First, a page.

Hogan, with the Masters and U.S. Open titles under his belt, made the trip across the Atlantic for the Open Championship for the very first time. He arrived at Carnoustie two weeks early to practice with the smaller British golf ball.

The policy of requiring all players to qualify, the small purse, and the conflict of schedule with the PGA Championship kept all but a few Americans at home; only four qualified for the first round on Wednesday and three made the 36-hole cut to play the final two rounds on Friday.

Although the field of 91 that qualified was mostly British, a strong international contingent stood ready to challenge Hogan, including fellow Americans Lloyd Mangrum and Frank Stranahan, Australian Peter Thomson, Antonio Cerdá and Roberto De Vicenzo of Argentina, and South Africa's Bobby Locke, the defending champion.

The Open Championship was Hogan's third major title of the year, but the modern Grand Slam was not possible, as the PGA Championship conflicted with the Open in 1953; the final match (36 holes) of the seven-day PGA Championship was played near Detroit on Tuesday, 7 July. After his automobile accident in 1949, Hogan did not enter the PGA Championship until 1960, after it became a stroke play event. He had won the PGA Championship in 1946 and 1948 before the accident.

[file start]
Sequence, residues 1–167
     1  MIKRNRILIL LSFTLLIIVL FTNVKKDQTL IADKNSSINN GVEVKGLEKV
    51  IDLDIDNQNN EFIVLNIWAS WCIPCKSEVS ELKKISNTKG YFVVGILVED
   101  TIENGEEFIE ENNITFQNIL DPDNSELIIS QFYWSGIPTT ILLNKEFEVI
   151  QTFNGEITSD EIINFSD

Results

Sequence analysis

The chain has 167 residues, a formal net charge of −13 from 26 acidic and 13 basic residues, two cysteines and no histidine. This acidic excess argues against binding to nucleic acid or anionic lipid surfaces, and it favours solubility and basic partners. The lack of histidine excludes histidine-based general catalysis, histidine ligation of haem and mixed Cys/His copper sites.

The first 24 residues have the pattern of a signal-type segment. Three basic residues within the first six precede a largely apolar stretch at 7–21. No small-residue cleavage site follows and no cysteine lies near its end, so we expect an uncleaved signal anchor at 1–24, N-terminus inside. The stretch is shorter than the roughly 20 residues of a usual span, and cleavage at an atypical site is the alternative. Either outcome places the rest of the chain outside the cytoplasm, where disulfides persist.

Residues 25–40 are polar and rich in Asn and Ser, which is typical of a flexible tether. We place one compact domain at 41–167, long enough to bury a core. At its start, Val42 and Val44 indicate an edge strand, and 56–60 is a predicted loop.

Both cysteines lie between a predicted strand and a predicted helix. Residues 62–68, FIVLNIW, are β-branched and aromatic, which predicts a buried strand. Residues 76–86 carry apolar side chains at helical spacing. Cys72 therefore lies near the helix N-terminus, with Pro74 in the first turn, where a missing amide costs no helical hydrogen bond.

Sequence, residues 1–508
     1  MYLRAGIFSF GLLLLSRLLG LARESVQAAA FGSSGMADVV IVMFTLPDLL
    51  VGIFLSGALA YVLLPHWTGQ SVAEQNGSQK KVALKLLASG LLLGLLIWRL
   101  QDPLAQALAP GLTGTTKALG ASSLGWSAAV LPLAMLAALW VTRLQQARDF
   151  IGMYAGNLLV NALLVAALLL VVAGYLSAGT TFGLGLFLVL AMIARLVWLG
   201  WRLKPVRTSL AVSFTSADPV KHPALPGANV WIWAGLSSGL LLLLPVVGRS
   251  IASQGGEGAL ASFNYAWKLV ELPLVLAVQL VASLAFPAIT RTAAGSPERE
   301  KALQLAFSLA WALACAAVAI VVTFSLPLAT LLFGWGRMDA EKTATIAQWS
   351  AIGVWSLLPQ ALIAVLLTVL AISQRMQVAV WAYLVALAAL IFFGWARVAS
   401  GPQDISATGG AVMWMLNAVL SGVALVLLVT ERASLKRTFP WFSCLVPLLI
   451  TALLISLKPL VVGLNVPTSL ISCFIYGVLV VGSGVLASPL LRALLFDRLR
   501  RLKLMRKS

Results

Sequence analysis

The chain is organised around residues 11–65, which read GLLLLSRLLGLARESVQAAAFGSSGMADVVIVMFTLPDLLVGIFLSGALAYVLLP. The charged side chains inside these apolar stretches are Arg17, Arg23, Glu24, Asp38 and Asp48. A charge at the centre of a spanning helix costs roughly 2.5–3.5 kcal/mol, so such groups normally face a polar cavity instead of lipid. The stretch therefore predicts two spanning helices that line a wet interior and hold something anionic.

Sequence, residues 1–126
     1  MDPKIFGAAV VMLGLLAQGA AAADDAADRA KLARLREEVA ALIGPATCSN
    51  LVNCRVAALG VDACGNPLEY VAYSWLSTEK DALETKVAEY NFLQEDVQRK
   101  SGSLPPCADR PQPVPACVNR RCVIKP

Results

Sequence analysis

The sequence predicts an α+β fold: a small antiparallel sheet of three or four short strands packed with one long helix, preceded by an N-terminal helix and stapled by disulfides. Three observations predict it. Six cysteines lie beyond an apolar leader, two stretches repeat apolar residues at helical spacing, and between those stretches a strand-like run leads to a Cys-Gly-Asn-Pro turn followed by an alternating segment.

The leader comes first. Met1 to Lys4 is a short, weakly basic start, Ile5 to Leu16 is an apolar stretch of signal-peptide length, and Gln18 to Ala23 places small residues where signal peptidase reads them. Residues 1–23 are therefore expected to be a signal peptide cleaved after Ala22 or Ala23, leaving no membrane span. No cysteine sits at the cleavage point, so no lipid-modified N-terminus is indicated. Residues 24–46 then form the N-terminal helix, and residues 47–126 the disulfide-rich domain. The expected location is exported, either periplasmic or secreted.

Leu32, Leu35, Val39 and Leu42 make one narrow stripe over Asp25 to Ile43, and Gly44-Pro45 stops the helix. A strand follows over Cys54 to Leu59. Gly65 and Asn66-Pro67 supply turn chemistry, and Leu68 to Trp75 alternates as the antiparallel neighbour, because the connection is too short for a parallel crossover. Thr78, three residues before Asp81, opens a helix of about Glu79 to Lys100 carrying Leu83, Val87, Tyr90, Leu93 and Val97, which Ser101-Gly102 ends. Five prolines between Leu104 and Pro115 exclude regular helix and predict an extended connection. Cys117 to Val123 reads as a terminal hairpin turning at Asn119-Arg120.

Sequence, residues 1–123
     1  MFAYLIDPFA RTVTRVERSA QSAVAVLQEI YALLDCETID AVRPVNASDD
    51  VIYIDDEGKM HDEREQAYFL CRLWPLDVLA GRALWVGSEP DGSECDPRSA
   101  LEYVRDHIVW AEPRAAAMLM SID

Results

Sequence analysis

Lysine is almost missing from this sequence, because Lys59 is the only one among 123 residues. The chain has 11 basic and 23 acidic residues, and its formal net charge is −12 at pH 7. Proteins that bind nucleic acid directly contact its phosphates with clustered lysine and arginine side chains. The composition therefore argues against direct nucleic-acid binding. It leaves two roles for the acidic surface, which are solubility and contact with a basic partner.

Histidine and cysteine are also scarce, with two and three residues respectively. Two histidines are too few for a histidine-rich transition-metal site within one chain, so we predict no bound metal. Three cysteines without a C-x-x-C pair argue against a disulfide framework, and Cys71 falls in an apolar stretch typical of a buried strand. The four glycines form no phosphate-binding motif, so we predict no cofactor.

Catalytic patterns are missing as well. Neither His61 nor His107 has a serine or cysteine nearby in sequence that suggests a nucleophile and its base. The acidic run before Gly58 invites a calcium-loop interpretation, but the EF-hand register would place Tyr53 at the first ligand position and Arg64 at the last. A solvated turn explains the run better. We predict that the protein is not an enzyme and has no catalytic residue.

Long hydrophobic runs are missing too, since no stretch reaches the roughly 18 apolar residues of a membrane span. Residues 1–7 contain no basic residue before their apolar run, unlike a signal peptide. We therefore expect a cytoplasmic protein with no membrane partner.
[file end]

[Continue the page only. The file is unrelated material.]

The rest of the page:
Hogan did not play in another Open Championship, although he did make a lasting impression on Carnoustie. The par-5 6th hole features a split fairway, with the right side being safer but the left offering a better angle to the green. Hogan found the narrow left side in each of the four rounds, and that hole is now known as "Hogan's Alley."